Built in 1921 to complete New York's first north-south automobile highway along the Hudson River's West Shore, the Kingston-Port Ewen suspension bridge is an important engineering accomplishment associated with the development of early motoring. A prominent visual landmark, nothing could have pleased the citizens of Kingston and their cross-creek neighbors of Port Ewen more than when the bridge finally opened. For decades, those who wished to cross the creek at the South entrance to Kingston had to embark on a chain ferry named the Skillypot, a derivative of a Dutch word for tortoise, which the ferry resembled. The concept of a bridge spanning the Rondout Creek stemmed from local dissatisfaction with the Skillypot's sporadic service. Hampered by local political and financial difficulties, construction on the bridge was put off until 1916, when the material demands of World War I deferred construction again until 1920. Construction began again in 1920, and slowly the 1,145-foot suspension bridge took form, linking both sides of the water with a roadway 85 feet above the creek. The construction of the bridge took about 1 year, during which the contractors employed a woman as a welder--commonplace during World War II, but unheard of in 1920. Ten thousand people attended the bridge's dedication on November 2, 1921. Eventually, the emerging dominance of the automobile would circumvent Kingston's roles as a transportation center. Today, the Kingston-Port Ewen suspension bridge still offers transportation across the Rondout Creek, a permanent and impressive blend of engineering and art.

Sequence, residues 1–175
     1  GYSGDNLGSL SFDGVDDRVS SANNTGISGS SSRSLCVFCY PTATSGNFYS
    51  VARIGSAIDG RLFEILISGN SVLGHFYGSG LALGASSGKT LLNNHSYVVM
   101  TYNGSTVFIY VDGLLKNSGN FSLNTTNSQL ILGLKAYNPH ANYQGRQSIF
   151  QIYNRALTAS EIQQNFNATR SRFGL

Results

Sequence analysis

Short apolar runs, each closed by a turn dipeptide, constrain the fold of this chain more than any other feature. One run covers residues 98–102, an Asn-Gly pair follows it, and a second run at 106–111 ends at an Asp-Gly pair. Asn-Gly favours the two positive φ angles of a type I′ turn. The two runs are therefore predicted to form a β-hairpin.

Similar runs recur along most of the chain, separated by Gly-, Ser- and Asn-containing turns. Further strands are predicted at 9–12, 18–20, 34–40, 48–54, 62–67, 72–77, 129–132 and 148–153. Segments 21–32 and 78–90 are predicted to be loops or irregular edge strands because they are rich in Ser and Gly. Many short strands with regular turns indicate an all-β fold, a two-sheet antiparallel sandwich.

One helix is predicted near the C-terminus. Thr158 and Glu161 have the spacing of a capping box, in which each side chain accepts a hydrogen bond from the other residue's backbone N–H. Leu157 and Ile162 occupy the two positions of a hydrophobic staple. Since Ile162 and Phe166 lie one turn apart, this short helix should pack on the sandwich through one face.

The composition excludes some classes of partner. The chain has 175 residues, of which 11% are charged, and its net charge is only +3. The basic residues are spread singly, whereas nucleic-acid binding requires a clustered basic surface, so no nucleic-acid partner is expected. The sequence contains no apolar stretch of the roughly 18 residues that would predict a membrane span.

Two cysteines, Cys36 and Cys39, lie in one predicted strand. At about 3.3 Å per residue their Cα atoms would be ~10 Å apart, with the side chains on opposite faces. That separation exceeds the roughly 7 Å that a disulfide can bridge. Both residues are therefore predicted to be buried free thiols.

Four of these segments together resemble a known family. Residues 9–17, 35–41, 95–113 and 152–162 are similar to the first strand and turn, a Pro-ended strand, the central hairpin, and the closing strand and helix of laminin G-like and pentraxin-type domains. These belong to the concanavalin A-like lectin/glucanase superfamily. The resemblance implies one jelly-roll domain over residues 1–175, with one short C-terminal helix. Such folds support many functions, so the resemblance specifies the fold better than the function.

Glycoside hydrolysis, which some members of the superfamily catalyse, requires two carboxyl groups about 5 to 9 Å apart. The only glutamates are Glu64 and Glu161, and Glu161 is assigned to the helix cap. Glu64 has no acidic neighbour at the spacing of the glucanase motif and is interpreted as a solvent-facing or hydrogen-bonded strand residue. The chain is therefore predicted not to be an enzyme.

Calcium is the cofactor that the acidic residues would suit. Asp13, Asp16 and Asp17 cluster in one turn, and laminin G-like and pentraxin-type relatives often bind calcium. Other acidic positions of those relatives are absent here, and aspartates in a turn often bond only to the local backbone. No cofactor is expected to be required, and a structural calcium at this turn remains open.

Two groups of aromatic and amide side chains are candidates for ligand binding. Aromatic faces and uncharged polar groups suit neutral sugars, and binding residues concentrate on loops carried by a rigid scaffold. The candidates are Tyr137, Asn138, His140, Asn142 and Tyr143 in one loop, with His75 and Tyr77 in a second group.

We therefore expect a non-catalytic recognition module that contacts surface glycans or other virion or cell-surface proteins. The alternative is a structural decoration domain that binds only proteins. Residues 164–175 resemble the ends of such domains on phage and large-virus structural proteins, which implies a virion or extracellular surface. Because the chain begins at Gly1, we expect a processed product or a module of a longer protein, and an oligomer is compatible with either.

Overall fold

Kingston-Port Ewen Suspension Bridge
Photograph by John E. Reinhardt
Kingston-Port Ewen Suspension Bridge, 1922.
Photograph courtesy of John F. Mathhews
The Kingston-Port Ewen Suspension Bridge crosses the Rondout Creek at the foot of Wurts Street, linking Kingston to the hamlet of Port Ewen.